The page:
Looking closer at the household income distribution reported by the Census Bureau I found an extremely confusing conflict of data on Gini ratio. There are two tables providing annual Gini ratio estimates for all households: “HINC-01. Selected Characteristics of Households, by Total Money” and “Table H-4. Gini Ratios for Households, by Race and Hispanic Origin of Householder: 1967 to 2011”. The former estimates are available since 1998 in “Detailed Tables”. Figure 1 reveals a dramatic difference between these two estimates for the same years. The HINC-01 time series does not show any Gini ratio increase between 1998 and 2008 unlike the H-4 series.
There is a dramatic 0.02 step in 2009 in the HINC-01 series, which is actually fully related to the change in bin counting in 2009: the original $2500 bins between $0 and $100,000 were replaced by $5000 bins between $0 and $200,000. The change in the range and granularity of data resulted in the observed Gini ratio shift. Figure 2 displays the Lorenz curves for the years between 1994 and 2011 as obtained from the household income distributions in the relevant HINC-01 tables. The Gini ratio step of 0.02 is explained by the difference between the 2008 and 2009 Lorenz curves. Therefore, it is of artificial character and the HINC-01 curve would be at the level of 0.45 between 2009 and 2011 if to retain the $2500 bins and $100,000 range.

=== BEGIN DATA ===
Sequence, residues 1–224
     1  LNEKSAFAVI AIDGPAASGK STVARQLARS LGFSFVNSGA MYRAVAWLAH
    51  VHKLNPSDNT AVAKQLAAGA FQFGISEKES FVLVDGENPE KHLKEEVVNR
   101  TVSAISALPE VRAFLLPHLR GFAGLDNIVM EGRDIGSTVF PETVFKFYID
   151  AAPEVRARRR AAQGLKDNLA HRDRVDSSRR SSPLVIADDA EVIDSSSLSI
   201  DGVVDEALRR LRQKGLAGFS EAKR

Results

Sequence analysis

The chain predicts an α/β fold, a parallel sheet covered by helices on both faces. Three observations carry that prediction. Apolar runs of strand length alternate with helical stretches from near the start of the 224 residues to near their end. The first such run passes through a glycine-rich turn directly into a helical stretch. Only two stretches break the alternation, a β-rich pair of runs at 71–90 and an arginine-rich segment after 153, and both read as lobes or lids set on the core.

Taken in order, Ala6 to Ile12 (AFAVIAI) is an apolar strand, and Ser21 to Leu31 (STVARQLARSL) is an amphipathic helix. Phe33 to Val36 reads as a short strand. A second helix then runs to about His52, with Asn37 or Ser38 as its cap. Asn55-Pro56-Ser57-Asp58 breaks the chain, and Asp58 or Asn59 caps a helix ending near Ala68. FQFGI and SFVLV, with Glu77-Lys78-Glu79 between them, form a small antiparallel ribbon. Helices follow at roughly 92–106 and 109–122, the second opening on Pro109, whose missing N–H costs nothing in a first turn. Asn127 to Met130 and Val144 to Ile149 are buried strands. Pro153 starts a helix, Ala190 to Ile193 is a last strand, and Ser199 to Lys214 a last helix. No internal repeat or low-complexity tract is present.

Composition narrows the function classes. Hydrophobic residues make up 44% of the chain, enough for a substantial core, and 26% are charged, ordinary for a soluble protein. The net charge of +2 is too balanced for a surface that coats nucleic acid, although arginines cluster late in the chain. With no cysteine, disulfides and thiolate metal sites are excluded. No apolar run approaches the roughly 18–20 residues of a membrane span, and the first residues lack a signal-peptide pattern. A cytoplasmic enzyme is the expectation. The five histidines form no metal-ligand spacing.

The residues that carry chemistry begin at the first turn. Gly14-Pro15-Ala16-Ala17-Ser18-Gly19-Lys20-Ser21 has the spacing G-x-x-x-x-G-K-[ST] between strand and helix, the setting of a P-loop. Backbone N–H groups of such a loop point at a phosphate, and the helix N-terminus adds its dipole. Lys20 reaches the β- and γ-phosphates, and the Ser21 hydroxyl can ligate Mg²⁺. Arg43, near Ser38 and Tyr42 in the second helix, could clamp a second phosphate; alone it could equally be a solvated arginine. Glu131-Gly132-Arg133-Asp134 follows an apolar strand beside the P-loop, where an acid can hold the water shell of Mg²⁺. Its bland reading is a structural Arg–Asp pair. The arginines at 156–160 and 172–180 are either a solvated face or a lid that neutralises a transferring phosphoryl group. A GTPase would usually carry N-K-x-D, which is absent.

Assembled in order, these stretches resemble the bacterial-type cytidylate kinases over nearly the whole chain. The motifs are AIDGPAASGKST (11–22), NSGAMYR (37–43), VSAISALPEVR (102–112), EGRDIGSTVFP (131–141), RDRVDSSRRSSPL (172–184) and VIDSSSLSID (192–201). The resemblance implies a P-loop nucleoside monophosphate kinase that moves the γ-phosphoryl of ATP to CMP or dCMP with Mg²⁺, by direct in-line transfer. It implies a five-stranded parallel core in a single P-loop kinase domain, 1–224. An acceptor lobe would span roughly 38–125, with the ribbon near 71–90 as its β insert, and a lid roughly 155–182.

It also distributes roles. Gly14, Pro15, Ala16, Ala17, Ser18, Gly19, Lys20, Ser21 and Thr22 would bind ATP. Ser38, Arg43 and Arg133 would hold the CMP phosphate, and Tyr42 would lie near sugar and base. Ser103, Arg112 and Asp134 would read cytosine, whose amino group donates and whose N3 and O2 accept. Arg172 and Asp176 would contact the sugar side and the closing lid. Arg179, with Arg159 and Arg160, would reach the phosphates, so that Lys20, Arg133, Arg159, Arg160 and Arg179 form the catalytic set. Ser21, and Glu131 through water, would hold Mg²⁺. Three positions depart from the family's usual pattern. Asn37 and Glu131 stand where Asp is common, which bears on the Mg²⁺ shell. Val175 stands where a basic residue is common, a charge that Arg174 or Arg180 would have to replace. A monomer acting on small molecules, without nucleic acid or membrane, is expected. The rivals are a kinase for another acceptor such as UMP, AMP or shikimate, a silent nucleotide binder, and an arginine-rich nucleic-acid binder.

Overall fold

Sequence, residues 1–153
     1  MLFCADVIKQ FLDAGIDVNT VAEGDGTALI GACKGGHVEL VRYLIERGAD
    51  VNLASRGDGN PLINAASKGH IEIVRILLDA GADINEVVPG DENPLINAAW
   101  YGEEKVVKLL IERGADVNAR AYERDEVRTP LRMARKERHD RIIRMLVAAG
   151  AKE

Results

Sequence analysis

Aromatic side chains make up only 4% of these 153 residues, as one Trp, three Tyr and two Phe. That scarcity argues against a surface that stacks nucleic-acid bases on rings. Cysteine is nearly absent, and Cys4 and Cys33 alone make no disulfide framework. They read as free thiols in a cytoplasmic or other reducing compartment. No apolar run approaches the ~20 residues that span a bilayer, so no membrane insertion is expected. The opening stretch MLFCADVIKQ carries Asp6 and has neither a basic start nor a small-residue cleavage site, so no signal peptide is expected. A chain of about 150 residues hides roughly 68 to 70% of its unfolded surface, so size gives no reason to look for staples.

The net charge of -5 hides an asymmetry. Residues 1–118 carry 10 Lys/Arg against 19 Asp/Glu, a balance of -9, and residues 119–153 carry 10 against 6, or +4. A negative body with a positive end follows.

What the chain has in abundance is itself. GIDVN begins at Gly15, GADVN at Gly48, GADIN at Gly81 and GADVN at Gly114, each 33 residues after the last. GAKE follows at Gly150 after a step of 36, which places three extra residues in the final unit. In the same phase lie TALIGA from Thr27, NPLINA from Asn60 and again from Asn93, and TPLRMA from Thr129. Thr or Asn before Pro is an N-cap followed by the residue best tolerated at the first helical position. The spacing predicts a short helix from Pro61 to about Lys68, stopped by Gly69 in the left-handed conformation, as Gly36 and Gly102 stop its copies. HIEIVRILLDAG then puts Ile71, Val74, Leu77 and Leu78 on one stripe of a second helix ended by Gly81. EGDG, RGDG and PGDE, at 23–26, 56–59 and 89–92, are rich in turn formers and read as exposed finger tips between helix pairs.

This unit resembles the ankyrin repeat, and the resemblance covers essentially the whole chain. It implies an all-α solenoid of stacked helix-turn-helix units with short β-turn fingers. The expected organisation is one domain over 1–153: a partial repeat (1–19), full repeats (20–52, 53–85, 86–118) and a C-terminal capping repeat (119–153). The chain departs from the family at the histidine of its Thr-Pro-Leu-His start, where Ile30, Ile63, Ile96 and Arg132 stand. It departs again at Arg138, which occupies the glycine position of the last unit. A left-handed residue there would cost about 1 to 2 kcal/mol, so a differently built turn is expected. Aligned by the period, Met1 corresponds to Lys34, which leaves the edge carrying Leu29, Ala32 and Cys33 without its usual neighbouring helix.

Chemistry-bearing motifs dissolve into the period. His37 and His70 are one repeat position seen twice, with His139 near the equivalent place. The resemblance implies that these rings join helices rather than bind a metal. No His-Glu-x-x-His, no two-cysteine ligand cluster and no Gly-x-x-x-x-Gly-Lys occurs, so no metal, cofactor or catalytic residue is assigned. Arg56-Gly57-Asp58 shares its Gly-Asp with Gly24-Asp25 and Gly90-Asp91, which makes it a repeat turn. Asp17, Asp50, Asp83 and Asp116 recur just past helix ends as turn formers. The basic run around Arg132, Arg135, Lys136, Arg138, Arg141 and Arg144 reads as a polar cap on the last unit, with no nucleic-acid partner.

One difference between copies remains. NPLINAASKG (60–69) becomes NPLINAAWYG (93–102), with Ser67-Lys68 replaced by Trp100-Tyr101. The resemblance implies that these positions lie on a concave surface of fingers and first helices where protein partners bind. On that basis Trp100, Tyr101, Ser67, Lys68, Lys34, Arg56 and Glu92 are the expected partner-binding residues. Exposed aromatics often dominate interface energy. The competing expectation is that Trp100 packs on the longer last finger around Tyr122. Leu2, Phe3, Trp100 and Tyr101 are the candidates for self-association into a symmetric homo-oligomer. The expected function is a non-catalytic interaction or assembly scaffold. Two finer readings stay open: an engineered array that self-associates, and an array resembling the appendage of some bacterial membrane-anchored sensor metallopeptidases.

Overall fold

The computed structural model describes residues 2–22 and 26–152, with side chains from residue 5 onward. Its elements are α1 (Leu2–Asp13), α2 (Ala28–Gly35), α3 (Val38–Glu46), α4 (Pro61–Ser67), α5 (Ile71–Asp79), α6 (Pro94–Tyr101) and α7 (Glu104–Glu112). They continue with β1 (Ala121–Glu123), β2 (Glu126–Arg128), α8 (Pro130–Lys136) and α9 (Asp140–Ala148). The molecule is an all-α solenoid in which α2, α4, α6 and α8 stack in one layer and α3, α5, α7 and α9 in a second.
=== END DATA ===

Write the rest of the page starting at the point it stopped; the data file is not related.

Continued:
We have recalculated the Gini ratio for all years between 1994 and 2011 from the original household income distribution and found that the calculated curve is in excellent agreement with the HINC-01 one between 2005 and 2011 and coincides with the HINC-4 curve from 1994 to 1996.
These observation are extremely confusing and likely manifest internal changes in the CB procedures of Gini ratio estimation and publication. We cannot understand why formally identical time series differ so much and why the HINC-4 curve demonstrates a growth tendency while the underlying data do not show any reason for that. This difference has also many political implications since the research community, officials, media, and the blogosphere all discuss the growth in household Gini, which is not the case.
Figure 1. Gini ratios from HINC-01 (detailed) and HINC-4 (historical) tables.
Figure 2. The evolution of the Lorenz curves for the household income distribution between 1994 and 2011 in the USA. In 2009, the bin counting was changed from $2500 in the range to $100,000 to $5000 with the upper bin between $195,000 and $200,000.